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Space

Mouthy sea urchin inspires engineers to take a bite out of other planets

The sea urchin may be a restaurant delicacy, but it's also well equipped to satisfy its own appetite. The spiny invertebrate has a rock-crushing mouth so powerful that a herd of them can destroy a kelp forest or devastate a coral reef. Now its dinner manglers have inspired a team of engineers and marine biologists at the University of California, San Diego, to create a claw-like manipulator for robotic rovers tasked with collecting soil samples on other planets.Read More

Space

DARPA announces Phase 2 of spaceplane project

DARPA has announced the second phase of its ambitious XS-1 program. The agency is seeking to make access to space more regular and affordable by employing an entirely re-usable high-speed, sub-orbital automated spaceplane as the first stage of its launch vehicle.Read More

Space

Kepler stable after being rescued from Emergency Mode

It was action stations for the Kepler mission team last Thursday when, during a scheduled contact, it was discovered the Kepler spacecraft was in Emergency Mode (EM). NASA subsequently declared a spacecraft emergency, giving engineers priority access to its Deep Space Network ground-based communications system. The spacecraft was successfully recovered from EM on Sunday morning and is now in a stable state, however, it is still unclear what triggered the craft's brief departure from regular operations.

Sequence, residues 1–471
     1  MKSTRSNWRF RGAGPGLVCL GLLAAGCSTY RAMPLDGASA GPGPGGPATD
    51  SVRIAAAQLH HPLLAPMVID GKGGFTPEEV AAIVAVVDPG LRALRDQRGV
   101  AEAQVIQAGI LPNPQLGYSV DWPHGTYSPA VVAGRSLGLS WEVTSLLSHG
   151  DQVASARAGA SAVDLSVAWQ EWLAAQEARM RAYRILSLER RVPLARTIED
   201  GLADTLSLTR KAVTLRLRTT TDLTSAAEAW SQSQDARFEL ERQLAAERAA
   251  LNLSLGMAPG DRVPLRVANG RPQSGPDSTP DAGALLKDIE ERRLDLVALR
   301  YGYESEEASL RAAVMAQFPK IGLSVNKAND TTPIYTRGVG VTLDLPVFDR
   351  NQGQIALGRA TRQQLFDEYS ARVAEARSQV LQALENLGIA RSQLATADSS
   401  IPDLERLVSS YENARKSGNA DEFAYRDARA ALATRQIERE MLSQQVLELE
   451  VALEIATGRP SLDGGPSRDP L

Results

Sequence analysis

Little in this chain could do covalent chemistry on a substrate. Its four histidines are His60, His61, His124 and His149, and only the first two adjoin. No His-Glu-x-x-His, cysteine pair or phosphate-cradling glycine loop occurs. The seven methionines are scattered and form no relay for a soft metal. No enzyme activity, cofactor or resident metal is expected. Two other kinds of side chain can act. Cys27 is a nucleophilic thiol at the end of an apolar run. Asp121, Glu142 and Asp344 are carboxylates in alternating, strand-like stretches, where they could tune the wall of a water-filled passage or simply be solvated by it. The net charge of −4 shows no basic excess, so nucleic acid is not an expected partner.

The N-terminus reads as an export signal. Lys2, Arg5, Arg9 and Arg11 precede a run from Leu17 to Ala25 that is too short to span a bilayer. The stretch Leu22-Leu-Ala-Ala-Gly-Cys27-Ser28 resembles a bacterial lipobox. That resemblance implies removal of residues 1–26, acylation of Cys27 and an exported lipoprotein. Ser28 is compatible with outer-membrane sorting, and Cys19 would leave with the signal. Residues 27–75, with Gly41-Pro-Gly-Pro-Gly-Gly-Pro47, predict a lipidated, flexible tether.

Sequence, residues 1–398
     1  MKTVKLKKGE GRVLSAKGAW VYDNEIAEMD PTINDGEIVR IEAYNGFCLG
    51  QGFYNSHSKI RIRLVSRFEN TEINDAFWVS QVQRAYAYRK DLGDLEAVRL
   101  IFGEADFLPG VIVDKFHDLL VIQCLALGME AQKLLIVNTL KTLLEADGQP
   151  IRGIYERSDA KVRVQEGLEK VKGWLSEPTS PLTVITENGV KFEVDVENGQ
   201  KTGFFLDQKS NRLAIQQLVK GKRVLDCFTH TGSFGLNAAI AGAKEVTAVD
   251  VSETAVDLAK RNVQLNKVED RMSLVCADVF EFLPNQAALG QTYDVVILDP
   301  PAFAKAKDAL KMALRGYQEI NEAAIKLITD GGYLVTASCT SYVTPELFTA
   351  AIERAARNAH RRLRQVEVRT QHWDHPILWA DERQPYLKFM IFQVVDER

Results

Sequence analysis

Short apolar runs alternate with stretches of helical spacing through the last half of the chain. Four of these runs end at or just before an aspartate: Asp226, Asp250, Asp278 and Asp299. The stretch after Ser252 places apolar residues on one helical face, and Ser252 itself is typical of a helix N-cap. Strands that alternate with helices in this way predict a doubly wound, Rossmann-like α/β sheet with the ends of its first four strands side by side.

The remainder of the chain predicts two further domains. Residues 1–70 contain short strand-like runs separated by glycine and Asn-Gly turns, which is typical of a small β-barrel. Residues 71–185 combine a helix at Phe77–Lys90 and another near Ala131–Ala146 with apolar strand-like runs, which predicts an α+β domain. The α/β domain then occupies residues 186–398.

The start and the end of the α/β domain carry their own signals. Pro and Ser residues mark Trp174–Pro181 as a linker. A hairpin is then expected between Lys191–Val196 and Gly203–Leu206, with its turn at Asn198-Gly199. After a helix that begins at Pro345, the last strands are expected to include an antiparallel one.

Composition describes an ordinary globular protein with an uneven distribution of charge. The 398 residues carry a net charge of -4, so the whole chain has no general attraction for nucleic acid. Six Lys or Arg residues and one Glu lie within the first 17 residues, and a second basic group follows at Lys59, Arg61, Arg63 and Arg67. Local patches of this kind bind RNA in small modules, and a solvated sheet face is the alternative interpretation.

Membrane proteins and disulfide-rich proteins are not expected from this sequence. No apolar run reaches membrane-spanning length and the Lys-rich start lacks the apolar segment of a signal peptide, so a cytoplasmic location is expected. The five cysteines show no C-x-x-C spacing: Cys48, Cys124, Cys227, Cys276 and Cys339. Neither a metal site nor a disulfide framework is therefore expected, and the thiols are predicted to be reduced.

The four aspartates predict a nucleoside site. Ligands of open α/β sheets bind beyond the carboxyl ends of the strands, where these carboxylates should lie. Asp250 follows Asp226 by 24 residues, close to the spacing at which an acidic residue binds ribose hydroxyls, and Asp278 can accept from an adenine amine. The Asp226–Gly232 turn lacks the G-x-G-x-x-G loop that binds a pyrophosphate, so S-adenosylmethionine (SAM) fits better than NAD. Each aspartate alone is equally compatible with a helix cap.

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Space

DARPA's satellite repair robot makes house calls

There are over 400 geosynchronous satellites orbiting 22,000 mi (36,000 km) above the Earth. They are a vital part of global communications and represent billions of dollars in investments, but once they break down or run out of fuel, they're so much tin foil. DARPA has released a video outlining the agency's vision of a mobile robotic servicing system designed to rendezvous with and repair ailing telecommunications satellites.Read More

Space

Solar sails to help keep pole-sitting satellites in their place

Pole sitting was a fad in the United States in the 1920s, but ESA is putting a modern orbital spin on the practice. Investigating advanced orbital mechanics, the space agency has concluded that it's possible to build a hybrid solar-sail/electric-propulsion satellite that could hover over either of the Earth's poles by balancing the pull of the Earth and the Sun.Read More

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